Cruises are a mode of travel which has changed in recent years from being a luxury to being an affordable and easily accessible way of taking a holiday. Cruise travel is becoming more popular with all age groups.
Many cruise ships are huge with crew and passengers numbering in the thousands.
While cruises appear to be becoming more popular with younger people, a high proportion of their passengers are elderly or disabled and may have pre-existing medical problems.
Large cruise ships usually have basic general practice type medical facilities. Some also have in addition, a basic intensive care unit, but if additional facilities are needed and the passenger has to be taken ashore in an emergency, the care will only as good as what is available at the port of call. It is essential that the traveller’s insurance covers this eventuality because it can be very costly.
Food, alcohol and accidents
Over-eating and over-indulgence in alcohol are common on cruise ships where the all-day food is very enticing and included in the price for the cruise.
Falls due to the motion of the ship, unfamiliar surroundings such as stairways, and over-indulgence in alcohol are also common occurrences.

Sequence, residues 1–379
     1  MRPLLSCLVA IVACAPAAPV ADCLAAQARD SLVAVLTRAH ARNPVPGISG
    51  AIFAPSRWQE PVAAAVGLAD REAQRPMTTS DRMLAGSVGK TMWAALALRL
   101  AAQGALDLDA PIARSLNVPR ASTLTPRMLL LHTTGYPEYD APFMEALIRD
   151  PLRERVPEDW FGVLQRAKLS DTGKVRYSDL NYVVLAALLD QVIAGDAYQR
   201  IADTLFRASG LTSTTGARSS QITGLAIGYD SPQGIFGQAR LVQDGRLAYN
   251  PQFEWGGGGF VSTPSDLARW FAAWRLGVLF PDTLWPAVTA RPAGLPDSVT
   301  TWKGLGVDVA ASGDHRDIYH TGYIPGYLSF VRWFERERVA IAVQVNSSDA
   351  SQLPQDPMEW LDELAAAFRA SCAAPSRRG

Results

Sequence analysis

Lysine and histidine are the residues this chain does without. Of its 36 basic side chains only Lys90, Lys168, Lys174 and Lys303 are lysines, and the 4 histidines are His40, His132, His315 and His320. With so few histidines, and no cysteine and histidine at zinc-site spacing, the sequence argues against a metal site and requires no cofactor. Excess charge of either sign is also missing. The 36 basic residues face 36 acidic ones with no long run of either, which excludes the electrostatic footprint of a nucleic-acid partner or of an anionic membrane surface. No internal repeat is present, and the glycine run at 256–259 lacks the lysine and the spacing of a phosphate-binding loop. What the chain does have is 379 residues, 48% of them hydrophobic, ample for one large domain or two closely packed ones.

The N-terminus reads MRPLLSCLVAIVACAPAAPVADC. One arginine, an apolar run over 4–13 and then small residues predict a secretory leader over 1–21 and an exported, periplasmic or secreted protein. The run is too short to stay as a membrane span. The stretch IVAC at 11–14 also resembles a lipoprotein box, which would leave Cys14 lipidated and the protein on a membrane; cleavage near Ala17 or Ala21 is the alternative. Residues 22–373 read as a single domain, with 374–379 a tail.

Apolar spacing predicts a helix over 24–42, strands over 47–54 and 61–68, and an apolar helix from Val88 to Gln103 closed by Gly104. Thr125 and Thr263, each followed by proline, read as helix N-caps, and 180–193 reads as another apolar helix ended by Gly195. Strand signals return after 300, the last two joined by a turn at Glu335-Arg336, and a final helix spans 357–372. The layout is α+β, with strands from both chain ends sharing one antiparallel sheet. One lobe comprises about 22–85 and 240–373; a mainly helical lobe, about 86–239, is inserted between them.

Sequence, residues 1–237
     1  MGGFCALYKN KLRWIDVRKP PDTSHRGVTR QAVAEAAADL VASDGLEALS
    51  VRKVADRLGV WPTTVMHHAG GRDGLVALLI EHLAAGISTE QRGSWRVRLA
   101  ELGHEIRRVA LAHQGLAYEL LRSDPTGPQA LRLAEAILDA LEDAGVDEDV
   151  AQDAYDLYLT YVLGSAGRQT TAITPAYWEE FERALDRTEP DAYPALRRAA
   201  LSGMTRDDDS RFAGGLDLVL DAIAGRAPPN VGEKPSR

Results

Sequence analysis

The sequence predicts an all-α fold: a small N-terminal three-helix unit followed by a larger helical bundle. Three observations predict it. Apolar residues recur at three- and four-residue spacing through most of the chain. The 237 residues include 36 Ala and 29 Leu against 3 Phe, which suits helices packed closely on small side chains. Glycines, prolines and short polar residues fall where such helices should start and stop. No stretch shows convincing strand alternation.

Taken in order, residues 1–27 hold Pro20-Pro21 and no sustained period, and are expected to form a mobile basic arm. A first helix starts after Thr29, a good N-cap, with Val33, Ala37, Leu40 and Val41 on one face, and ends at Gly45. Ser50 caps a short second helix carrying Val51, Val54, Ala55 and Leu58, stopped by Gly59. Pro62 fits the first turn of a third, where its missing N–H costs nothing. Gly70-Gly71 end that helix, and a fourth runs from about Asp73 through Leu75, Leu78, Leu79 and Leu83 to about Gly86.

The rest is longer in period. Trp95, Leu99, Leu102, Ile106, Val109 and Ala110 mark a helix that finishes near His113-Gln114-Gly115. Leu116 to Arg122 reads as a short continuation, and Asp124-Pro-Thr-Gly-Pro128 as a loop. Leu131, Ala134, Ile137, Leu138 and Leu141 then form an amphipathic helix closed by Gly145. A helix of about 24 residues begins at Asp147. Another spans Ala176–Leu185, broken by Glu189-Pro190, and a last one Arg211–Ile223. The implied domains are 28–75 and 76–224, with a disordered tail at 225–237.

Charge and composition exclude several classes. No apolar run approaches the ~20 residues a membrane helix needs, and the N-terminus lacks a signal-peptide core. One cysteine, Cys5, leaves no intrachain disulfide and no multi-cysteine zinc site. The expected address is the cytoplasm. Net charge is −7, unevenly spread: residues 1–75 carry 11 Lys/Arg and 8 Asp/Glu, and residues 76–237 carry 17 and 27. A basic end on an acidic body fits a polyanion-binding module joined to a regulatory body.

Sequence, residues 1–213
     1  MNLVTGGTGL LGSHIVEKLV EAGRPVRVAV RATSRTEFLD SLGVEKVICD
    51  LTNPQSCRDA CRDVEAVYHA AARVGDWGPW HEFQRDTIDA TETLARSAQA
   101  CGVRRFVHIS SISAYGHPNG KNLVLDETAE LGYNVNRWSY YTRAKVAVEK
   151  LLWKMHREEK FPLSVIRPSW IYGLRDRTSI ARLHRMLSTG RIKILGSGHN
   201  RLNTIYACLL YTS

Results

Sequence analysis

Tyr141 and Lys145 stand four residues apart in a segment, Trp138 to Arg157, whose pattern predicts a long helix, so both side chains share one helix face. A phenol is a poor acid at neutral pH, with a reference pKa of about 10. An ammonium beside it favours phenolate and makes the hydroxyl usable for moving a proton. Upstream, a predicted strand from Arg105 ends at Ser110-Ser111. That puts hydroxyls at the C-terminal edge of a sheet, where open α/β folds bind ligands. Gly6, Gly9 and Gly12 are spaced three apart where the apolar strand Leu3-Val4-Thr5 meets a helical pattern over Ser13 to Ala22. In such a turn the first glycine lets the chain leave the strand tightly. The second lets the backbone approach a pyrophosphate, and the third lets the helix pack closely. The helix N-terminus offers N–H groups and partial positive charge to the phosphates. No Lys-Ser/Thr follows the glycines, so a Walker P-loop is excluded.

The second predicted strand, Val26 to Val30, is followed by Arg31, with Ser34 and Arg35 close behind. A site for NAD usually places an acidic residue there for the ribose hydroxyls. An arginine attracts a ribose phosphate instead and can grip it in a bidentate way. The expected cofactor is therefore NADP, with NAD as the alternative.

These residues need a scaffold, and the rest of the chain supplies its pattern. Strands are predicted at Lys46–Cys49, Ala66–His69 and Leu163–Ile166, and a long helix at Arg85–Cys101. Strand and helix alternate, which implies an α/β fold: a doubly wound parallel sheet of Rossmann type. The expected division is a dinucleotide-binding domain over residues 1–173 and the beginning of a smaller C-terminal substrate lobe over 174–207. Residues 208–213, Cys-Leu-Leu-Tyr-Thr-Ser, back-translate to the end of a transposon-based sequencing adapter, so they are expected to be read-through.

Sexual assaults are occasionally reported on cruise-liners.
Norovirus outbreaks sometimes occur on cruise ships and spread rapidly, causing diarrhoea and vomiting. Travellers should be made aware that infections can be contracted during shore-based excursions when they are away from the protected environment of the ship.
Although passengers may mistakenly blame the ship’s catering, the virus is usually taken on board by a passenger or crew member and spreads from person to person through respiratory droplets in the often crowded environment of the ship.
Where hand alcohol sanitisers are available aboard cruise ships they should be used at regular intervals by passengers and crew.
Influenza can spread rapidly in crowded conditions and major outbreaks on cruise ships are well documented.